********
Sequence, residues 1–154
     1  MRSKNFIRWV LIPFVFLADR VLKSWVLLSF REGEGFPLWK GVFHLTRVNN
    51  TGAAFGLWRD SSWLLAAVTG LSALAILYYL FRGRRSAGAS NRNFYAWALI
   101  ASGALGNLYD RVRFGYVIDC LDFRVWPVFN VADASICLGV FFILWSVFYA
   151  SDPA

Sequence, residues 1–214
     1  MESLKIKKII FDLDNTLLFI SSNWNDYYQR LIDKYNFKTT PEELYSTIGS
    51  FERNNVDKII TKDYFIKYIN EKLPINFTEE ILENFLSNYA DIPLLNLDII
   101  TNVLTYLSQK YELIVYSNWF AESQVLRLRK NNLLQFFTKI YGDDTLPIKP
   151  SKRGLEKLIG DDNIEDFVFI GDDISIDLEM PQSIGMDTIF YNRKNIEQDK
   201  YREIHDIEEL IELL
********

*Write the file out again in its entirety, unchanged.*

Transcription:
Sequence, residues 1–154
     1  MRSKNFIRWV LIPFVFLADR VLKSWVLLSF REGEGFPLWK GVFHLTRVNN
    51  TGAAFGLWRD SSWLLAAVTG LSALAILYYL FRGRRSAGAS NRNFYAWALI
   101  ASGALGNLYD RVRFGYVIDC LDFRVWPVFN VADASICLGV FFILWSVFYA
   151  SDPA

Sequence, residues 1–214
     1  MESLKIKKII FDLDNTLLFI SSNWNDYYQR LIDKYNFKTT PEELYSTIGS
    51  FERNNVDKII TKDYFIKYIN EKLPINFTEE ILENFLSNYA DIPLLNLDII
   101  TNVLTYLSQK YELIVYSNWF AESQVLRLRK NNLLQFFTKI YGDDTLPIKP
   151  SKRGLEKLIG DDNIEDFVFI GDDISIDLEM PQSIGMDTIF YNRKNIEQDK
   201  YREIHDIEEL IELL